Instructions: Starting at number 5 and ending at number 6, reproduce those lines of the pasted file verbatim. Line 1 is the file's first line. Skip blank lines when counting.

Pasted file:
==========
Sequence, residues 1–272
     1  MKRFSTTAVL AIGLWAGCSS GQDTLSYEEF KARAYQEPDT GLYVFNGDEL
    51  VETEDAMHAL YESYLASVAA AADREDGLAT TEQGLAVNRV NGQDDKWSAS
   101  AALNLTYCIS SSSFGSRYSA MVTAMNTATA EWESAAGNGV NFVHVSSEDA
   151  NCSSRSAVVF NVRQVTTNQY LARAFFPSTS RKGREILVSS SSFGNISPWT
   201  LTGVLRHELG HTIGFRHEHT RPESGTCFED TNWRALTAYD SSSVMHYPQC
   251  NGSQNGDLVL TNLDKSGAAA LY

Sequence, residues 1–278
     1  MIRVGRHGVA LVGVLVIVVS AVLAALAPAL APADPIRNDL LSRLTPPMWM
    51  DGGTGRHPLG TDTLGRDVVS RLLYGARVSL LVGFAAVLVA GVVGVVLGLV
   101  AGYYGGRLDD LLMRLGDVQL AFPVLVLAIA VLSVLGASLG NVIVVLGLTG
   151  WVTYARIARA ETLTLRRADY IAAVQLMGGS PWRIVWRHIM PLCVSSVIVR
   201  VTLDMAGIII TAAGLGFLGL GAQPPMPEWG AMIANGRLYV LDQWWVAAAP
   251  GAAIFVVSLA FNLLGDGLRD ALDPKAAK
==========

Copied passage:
   151  NCSSRSAVVF NVRQVTTNQY LARAFFPSTS RKGREILVSS SSFGNISPWT
   201  LTGVLRHELG HTIGFRHEHT RPESGTCFED TNWRALTAYD SSSVMHYPQC